Today I take a further step in opening up and letting the world see inside me. It is a move that makes me nervous, yet I know it is the right and healing thing to do. About 10 years ago I made my first visit to a therapist to help me deal with unresolved childhood issues that were surfacing more and more. Such previously buried conflicts within were coming up with greater frequency. This was due in part to my efforts then to close some emotional fissures and “find” my whole self but also because dysfunction often increases over time.
The first counselor I went to I liked a lot even though she was tough on me at times. She gained my trust and I saw her intermittently for about six years. I was able to make slow stop and go progress wrestling my demons with her counsel. Then in 2007 my life changed.
It was four years ago about this time that my life seemed to melt down due to the trauma of the failure of a marriage, a union that I did not want to end. The emotional chaos was not due just because of the pending divorce. It was exacerbated by the knowing that I was in majority responsible for the cause of the divorce. More correctly the main reason was dysfunction due to my “box of monsters”.
Keeping a mental image of a wooden box holding my horrors of growing up had helped me over the years to cope. When one of the fiendish critters of my youth would start to “crawl” out of the box and manifest itself in my life, I usually could mentally get it back in the box and lock it away again. The emotional harm I did to myself and others was kept to a minimum with this practice most often, but not always. Once in a while one of the monsters such as insecurity or trauma would break out of the box, grow in size in its freedom and create tremendous havoc.
The emotional crescendo about by my failed marriage (my 2nd) brought tremendous blame I placed on me. The resulting shame I felt caused me to begin seeing my trusted counselor once per week for about two years. In order to see her regularly I had to fight myself quite a bit. At the top I felt I was the controller of my destiny and whatever I needed to do I should be able to do myself. Then there were the thoughts of the American macho male stereotype and tough guy image that I wrestled. Also stirring around was thinking that other people would think I was crazy because I went to a therapist. I struggled with these misplaced beliefs a lot at first, but less and less as time passed.
In time I came to realize that going to a therapist for emotional pain is no different than seeing a dentist when a tooth hurts. My stigmatized thinking about going to counseling was due purely to ignorance and lack of knowledge. The more I got past such erroneous thinking the more rapidly I got better. I fully came to comprehend that “secrets were posion”.
Today I can proudly say I am genuinely happy for the first time in my life. I had never been able to honestly say that until about a year ago. Nothing changed outside of me. What did changed is what is inside me and my understanding of myself. Are the monsters completely gone? No, and they never will be. What has happened is they no longer have to be locked up in a box they can escape from. The little devils reside freely inside me now kept in check 99% of the time by the knowledge and emotional tools I have learned.
I liken the process to an old cartoon where there is a street vantage point of an alley at night. Standing there one sees the shadow of a big monster rat headed from the ally to the street. As the monster gets closer to stepping from the back lighting of the alley the size of the scary beast grows larger and larger. Then suddenly it emerges into the direct light of the street to be seen as only a small mouse who was casting a huge shadow because of the angle it was being viewed from.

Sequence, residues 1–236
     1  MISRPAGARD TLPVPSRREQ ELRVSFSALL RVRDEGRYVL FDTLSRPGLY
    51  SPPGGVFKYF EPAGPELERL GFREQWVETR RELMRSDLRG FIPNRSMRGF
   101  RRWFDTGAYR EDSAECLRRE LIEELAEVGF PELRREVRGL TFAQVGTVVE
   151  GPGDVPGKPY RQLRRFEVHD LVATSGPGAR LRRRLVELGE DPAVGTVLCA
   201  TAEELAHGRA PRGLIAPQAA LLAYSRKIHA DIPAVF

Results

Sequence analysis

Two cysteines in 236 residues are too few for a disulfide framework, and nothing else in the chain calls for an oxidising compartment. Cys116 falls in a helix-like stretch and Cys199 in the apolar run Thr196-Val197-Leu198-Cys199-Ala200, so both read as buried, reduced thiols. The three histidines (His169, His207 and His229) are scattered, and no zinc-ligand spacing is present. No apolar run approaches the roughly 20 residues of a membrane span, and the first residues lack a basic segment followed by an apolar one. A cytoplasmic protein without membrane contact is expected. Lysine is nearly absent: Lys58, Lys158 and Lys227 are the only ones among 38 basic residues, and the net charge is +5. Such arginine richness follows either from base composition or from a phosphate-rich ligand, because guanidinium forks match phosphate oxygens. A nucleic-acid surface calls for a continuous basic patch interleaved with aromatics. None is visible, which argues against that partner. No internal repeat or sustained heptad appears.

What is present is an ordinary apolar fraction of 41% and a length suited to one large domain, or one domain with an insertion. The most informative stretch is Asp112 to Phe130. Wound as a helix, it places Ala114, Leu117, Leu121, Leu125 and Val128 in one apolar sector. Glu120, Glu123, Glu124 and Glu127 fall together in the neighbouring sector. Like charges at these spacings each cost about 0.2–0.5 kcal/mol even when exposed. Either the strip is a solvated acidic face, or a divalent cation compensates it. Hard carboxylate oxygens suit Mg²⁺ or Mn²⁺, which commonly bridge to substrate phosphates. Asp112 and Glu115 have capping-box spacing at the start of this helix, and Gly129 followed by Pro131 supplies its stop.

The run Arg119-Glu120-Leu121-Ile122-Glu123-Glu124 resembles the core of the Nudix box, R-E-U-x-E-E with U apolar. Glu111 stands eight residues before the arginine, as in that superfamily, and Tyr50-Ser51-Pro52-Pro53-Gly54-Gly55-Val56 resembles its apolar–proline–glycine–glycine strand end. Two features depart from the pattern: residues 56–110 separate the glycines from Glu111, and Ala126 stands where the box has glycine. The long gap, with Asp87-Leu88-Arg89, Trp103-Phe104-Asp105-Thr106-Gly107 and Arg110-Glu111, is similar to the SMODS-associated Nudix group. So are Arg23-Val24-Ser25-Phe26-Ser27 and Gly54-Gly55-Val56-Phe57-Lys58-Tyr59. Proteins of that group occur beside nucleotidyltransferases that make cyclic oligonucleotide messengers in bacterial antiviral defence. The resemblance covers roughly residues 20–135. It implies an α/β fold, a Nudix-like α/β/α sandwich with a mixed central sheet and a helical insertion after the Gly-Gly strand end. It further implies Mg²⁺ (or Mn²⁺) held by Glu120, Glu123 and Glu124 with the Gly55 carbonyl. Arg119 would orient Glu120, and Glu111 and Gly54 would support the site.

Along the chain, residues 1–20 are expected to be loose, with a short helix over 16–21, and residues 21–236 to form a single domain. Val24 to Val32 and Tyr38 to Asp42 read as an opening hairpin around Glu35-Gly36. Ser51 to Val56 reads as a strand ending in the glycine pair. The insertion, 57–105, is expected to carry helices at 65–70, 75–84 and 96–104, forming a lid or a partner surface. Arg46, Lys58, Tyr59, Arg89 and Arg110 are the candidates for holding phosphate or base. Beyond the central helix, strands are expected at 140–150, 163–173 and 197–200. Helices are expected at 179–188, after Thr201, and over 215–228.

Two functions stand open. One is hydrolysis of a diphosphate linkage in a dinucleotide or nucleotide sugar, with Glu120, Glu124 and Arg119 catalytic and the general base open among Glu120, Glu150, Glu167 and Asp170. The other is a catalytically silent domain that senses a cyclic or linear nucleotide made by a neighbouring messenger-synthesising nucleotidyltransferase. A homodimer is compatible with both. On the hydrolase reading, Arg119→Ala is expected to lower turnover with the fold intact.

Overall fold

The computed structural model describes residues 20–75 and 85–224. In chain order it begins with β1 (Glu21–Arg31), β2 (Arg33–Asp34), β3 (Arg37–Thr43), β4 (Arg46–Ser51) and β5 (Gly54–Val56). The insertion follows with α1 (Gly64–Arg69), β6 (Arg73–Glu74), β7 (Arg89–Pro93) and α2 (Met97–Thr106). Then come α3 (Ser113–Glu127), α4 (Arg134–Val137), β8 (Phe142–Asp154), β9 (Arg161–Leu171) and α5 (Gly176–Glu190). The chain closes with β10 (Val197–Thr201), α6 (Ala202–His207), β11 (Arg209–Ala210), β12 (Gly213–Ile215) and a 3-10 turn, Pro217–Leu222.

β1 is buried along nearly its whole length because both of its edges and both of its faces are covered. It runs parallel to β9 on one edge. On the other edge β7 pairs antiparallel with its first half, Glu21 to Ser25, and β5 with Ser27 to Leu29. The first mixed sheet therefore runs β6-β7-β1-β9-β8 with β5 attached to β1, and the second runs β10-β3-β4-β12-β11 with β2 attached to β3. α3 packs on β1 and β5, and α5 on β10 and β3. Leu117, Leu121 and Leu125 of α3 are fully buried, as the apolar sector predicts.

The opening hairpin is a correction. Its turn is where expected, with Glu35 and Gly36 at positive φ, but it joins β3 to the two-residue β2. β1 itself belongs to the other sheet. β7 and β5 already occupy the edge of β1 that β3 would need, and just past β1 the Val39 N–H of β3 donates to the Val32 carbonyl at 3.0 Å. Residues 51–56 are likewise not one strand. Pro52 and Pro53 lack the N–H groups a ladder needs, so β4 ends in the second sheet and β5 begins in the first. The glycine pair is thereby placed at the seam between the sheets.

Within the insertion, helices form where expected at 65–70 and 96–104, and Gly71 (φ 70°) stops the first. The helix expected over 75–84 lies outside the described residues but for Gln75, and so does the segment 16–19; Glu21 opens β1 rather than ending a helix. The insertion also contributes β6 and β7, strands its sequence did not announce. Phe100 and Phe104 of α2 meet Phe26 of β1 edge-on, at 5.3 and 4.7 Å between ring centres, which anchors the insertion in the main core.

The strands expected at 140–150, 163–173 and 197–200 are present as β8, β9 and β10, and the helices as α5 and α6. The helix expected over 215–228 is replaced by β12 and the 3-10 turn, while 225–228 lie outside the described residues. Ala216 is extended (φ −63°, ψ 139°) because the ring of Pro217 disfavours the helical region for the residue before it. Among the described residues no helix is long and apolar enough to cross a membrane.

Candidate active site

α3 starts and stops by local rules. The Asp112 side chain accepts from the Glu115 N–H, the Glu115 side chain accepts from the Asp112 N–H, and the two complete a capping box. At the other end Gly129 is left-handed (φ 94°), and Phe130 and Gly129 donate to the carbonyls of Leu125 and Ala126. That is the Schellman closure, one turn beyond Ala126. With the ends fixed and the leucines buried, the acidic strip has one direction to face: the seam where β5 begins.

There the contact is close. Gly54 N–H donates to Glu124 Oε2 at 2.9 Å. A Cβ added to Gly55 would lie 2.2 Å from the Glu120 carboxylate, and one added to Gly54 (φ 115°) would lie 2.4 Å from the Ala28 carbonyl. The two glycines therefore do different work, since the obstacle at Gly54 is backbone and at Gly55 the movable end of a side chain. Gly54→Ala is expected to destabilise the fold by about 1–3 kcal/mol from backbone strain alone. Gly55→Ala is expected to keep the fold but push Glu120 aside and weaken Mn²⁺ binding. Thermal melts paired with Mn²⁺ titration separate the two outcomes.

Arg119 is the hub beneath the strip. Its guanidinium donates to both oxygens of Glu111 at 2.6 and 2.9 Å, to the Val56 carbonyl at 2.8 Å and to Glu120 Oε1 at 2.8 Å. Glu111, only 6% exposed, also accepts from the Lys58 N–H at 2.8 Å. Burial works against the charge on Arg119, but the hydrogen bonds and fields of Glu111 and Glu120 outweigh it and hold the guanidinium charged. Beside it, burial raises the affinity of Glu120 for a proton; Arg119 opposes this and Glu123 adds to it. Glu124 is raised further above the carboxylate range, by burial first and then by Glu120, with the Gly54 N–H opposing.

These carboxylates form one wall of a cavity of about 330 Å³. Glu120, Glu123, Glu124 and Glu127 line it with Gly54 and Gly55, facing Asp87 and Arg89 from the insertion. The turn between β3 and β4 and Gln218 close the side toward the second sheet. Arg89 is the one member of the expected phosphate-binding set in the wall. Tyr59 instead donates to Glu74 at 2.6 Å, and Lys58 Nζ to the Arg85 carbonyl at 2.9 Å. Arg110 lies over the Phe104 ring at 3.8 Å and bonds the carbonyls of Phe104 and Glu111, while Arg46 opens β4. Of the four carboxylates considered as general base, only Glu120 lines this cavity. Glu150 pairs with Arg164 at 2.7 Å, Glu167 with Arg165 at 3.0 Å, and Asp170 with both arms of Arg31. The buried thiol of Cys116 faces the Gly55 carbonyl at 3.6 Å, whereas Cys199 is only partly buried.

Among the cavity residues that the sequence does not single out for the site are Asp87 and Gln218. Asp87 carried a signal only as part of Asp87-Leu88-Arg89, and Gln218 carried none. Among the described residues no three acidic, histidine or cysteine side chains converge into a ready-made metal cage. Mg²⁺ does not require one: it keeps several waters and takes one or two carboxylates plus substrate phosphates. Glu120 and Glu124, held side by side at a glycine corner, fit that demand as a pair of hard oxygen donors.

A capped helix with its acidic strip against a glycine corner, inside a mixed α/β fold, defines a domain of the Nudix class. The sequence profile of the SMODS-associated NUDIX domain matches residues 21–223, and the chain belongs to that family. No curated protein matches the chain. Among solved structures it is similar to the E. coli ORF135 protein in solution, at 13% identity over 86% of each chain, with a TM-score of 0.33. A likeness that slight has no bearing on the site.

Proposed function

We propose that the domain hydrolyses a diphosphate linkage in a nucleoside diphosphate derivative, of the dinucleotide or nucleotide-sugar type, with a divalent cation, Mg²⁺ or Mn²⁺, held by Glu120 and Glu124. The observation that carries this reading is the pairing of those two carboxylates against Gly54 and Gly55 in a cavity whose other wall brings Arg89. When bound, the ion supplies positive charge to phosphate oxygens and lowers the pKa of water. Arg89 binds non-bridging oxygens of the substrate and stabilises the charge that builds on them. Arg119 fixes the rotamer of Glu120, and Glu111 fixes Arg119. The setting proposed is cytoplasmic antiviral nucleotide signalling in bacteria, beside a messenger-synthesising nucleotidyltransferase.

The cartoon analogy explains my internal monsters well. Once I brought them into the light of day, became more accustomed to them and learned about them they shrank dramatically in size and strength. Once I could clearly see this way, my life began to accelerate its improvement. Today I can truthfully say my life is better overall than it ever has been. Learning that the quality of my life has mostly to do with what was inside me and not what was outside was a grand revelation. Once I put that knowledge into practice coping with whatever life threw at me became much easier. I learned that the good times were to savor and the difficult times were teachers sent to teach and make me better.
I have written all that to say to a reader I did not do this alone. First, I need to express my gratitude to my ex-wife who after the initial months of her own emotional chaos, found room to aid my efforts. In turn I believe I was able to aid her as well. I have not seen her or talked to her in a long time now which is for the best for both of us. I will always be grateful to her.
That brings me to express my gratitude to the person who had by far the largest role in my growth. I can’t name her or lend any more than generalities about who she is. I will say only that she is a licensed counselor who for me was a bit of a miracle worker. She has said now for almost two years I don’t need to come back. However, I do still make an appointment every few months as a way of checking in, confirming to myself that my recovery from my childhood junk continues and to again express my gratitude to her.
In the last decade of searching for healing, I had experience with a few other therapists. For my issues most went through the proper motions but I could not connect with them. Maybe it was just an issue of compatibility and they were a better fit for others. What I do know is that outside of myself, there is one person who did most to help me become the well adjusted, contented and happy person I am today: My therapist. Thank you R.!
Nothing is life is to be feared. It is only to be understood. Marie Curie